Author Affiliations: Division of Hematology/Oncology (Drs Allendorf and Davis) and Departments of Medicine (Drs Allendorf and Davis), Microbiology (Dr Davis), and Biochemistry and Molecular Genetics (Dr Davis), University of Alabama at Birmingham.
B-cell chronic lymphocytic leukemia (CLL) is the most common leukemia in Western countries, with an estimated annual incidence of 4.2 per 100 000.1 The disease has a predilection for the elderly and is characterized by the progressive expansion of CD5-expressing B lymphocytes in the bone marrow, blood, and secondary lymphoid tissues. However, the clinical course is remarkably heterogeneous. Individuals with an indolent form may live more than 30 years after diagnosis and never require treatment, whereas patients with an aggressive subtype experience a much shorter survival of 6 to 8 years despite aggressive therapy.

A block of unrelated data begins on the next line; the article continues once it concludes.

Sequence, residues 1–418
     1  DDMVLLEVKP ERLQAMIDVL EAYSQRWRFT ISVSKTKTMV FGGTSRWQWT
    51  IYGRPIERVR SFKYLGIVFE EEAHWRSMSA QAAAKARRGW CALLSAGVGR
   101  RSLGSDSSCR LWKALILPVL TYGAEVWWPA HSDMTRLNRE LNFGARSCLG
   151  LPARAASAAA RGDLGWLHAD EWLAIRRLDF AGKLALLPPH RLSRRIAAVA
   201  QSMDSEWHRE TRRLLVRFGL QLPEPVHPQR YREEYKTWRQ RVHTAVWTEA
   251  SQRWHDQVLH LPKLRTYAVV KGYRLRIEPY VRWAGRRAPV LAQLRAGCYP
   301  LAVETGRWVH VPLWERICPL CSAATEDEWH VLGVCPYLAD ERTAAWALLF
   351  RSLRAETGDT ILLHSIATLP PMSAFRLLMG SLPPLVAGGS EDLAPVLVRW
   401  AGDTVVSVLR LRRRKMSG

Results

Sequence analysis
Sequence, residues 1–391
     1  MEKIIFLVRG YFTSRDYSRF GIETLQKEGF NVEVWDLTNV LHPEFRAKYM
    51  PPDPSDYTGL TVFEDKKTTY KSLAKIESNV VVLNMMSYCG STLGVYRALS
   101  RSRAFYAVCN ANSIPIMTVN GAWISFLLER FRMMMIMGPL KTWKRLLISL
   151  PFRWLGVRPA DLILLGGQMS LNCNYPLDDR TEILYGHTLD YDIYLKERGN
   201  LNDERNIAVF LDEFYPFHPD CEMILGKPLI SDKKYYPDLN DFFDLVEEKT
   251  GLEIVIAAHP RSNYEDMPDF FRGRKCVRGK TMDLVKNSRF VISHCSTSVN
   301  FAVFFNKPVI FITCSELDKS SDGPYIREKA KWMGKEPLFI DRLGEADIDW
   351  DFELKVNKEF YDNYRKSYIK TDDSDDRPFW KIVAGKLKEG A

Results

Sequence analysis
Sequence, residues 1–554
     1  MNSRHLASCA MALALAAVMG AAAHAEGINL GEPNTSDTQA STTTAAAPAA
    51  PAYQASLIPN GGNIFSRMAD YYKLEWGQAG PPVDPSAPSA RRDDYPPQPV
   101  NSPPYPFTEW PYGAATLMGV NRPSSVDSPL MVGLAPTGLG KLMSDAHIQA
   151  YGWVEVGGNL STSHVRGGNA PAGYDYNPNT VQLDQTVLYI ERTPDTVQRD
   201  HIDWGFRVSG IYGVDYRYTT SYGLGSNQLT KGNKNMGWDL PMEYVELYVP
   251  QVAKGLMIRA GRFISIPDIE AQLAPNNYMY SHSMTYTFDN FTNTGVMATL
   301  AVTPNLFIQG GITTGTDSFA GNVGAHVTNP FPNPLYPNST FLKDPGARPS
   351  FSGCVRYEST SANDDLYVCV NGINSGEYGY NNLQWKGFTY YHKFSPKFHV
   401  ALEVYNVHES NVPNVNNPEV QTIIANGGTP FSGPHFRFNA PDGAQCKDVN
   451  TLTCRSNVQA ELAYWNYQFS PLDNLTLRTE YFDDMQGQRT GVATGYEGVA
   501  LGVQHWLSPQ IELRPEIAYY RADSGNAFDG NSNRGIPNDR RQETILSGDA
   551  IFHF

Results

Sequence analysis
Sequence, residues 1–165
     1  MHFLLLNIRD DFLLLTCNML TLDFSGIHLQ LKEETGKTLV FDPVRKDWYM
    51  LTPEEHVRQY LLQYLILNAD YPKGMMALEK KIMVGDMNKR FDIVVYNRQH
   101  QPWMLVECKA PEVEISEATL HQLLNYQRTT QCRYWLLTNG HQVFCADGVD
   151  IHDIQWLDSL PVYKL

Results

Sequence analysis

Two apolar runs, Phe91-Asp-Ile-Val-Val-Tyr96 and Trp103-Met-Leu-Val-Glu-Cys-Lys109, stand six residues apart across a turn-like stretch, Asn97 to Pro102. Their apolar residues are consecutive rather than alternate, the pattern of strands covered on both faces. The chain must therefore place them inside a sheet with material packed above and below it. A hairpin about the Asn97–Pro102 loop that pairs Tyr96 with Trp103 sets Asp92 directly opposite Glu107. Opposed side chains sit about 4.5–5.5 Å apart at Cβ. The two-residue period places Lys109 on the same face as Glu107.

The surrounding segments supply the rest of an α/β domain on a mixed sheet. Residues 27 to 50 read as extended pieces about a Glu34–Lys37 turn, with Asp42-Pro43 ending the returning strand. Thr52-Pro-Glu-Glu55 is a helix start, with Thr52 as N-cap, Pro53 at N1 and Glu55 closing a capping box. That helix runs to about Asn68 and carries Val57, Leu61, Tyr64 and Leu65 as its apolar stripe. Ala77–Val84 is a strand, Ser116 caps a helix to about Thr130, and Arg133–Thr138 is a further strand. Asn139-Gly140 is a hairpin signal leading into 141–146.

Allendorf DJ, Davis RS. Unraveling the Molecular Pathogenesis of Chronic Lymphocytic Leukemia: Dissecting a MicroRNA Regulatory Network. JAMA. 2011;305(1):95–97. doi:10.1001/jama.2010.1940
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